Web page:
Anemiais a condition in which you lack enough healthy red blood cells to carry adequate oxygen to your body’s tissues. Having anemia can make you feel tired and weak. There are many forms of anemia, each with its own cause. Anemia can be temporary or long term, and it can range from mild to severe.

  • weakness
  • trouble concentrating
  • shortness of breath
  • leg cramps
  • headache
  • heart palpitations
  • insomnia
  • paleness

♦In severe cases, severe B12 deficiency If you have vitamin B12 deficiency, you could become anemic. A mild deficiencymay cause no symptoms. But if untreated, it may lead to symptoms such as: Weakness, tiredness, or lightheadedness. Heart palpitations and shortness of breath.

  • paresthesia
  • stiff muscles
  • peripheral neuropathy
  • dementia

Addison’s Disease also called adrenal insufficiency, is an uncommon disorder that occurs when your body doesn’t produce enough of certain hormones. In Addison’s disease, your adrenal glands, located just above your kidneys, produce too little cortisol and, often, too little aldosterone.

  • muscle weakness or pain
  • hyper-pigmentation of skin
  • fatigue
  • hyperpigmentation
  • mood irregularity
  • salt cravings
  • weight loss and loss of appetite
  • low blood pressure
  • nausea and/or diarrhea
  • abdominal pain
  • lower back and/or leg pain

Vitiligoa condition in which the skin loses its pigment cells (melanocytes). This can result in discolored patches in different areas of the body, including the skin, hair and mucous membranes.

  • milky-white patches of skin (pigmentation)
  • premature whitening of hair
  • loss of color of inside of mouth
  • loss of color in retina

Autoimmune Arthritis is the name given to a group of arthritistypes where a person’s immune system attacks itself. The most common example is rheumatoid arthritis. When the immune system attacks itself, the result is inflammation in a joint that can cause pain, stiffness, and mobility problems.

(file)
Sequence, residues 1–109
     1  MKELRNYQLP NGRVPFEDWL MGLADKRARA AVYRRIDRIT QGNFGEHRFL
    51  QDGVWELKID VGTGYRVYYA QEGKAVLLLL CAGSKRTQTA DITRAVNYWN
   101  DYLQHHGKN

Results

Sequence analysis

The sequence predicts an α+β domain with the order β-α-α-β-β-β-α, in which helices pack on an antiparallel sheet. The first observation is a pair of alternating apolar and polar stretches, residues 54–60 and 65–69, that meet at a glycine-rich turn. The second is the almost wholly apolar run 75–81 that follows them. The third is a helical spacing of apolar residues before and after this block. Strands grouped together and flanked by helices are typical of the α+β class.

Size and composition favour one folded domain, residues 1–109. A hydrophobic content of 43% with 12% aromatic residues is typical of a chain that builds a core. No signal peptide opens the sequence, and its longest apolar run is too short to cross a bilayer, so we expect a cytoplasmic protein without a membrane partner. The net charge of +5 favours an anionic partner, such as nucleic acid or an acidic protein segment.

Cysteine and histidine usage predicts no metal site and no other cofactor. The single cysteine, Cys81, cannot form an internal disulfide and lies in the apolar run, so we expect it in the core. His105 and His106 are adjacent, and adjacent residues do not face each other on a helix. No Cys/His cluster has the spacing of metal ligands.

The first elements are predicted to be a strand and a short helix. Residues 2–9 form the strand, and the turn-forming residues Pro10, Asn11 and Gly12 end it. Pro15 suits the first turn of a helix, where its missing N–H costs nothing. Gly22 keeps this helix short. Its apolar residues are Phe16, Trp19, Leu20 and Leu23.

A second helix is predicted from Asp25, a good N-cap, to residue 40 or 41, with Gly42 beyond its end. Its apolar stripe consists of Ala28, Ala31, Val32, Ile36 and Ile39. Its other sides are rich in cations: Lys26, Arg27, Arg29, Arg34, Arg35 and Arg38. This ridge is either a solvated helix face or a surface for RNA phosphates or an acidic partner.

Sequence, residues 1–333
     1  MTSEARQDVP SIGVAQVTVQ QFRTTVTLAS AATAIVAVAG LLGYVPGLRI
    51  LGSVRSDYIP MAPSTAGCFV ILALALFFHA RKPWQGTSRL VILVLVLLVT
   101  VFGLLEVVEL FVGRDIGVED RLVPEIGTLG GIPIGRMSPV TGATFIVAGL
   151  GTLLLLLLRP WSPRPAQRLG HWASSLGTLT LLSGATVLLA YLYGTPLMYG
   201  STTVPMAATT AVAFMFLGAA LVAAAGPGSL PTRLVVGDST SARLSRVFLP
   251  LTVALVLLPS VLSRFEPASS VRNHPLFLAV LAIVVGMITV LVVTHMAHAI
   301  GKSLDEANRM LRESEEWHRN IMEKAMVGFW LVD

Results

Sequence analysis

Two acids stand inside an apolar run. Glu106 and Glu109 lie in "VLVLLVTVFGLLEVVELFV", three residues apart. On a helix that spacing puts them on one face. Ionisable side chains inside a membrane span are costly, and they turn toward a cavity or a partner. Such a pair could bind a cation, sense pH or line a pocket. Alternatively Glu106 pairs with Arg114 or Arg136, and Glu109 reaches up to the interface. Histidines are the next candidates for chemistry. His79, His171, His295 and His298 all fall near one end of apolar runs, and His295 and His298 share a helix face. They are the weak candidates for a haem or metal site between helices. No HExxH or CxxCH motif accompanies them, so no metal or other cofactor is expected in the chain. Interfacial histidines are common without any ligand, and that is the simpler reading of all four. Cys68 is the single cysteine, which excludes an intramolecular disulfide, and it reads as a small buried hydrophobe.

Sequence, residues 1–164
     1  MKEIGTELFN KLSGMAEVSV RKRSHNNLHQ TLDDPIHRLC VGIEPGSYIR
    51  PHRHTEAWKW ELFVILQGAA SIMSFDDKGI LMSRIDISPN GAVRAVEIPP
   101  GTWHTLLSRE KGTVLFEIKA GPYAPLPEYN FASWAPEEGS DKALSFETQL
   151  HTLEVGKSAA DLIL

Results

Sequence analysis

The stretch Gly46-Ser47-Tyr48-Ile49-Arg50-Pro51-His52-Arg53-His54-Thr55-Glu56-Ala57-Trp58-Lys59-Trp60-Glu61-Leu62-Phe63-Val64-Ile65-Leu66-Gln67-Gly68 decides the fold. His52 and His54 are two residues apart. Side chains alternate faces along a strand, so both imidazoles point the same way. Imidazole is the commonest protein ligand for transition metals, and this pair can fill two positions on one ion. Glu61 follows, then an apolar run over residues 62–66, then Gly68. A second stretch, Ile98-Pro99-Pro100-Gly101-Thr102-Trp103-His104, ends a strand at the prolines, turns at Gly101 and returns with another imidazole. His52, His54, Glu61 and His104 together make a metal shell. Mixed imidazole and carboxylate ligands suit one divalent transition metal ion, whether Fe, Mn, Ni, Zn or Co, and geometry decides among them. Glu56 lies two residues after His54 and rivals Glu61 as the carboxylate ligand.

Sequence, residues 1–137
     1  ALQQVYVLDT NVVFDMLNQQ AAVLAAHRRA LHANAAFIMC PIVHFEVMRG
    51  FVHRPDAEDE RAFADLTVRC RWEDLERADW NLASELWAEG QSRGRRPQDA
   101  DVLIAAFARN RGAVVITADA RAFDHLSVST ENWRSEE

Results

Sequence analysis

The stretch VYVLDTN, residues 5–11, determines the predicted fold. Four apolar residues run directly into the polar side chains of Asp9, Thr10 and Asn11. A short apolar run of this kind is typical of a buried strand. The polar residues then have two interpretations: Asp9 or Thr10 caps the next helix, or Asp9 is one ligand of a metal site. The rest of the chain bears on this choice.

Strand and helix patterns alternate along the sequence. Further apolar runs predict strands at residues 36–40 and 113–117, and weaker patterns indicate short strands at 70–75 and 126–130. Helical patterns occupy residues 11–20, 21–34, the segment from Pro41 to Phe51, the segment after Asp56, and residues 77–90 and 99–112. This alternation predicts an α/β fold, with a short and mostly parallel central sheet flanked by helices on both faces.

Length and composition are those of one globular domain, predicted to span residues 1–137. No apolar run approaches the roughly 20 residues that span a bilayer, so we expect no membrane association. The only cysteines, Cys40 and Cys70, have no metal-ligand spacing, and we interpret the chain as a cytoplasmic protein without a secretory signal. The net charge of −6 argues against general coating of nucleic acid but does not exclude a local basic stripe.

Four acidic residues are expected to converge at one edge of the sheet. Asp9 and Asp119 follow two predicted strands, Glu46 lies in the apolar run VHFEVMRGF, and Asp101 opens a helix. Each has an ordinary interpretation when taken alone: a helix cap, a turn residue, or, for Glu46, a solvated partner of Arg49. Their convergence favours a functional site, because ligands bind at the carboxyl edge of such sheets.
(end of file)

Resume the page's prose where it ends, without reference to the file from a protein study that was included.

• fatigue
  • joint pain, tenderness, swelling, redness, or warmth
  • lost range of motion or function in joints
  • anemia
  • fever
  • limping

These are only a few of the many autoimmune diseases that could be linked with having Type 1 Diabetes. There are others that could be liked to Type 2 Diabetes, but I did not go into detail about those. For more information on any of these diseases please check out sources like Web MD and especially talk to your own medical team like your endocrinologist or your general practitioner. They can explain these conditions in full detail and what your chances of having them would be more accurately. Also be aware that a common treatment for these other autoimmune disorders is steroids. These may cause your blood glucose to run high. Please don’t start on any medical treatments without being officially diagnosed by your doctor. Always consult your doctor before making any changes to your health care routine or diet. Also note that researching things on the internet may not always be reliable, take everything in with a grain of salt and rely mostly on your doctor’s knowledge and expert advice. 

By: Miranda Montgomery (Type 1 diabetic for 20+ years) Admin for Type 1 Diabetes Support Group on Facebook with 12.7 K members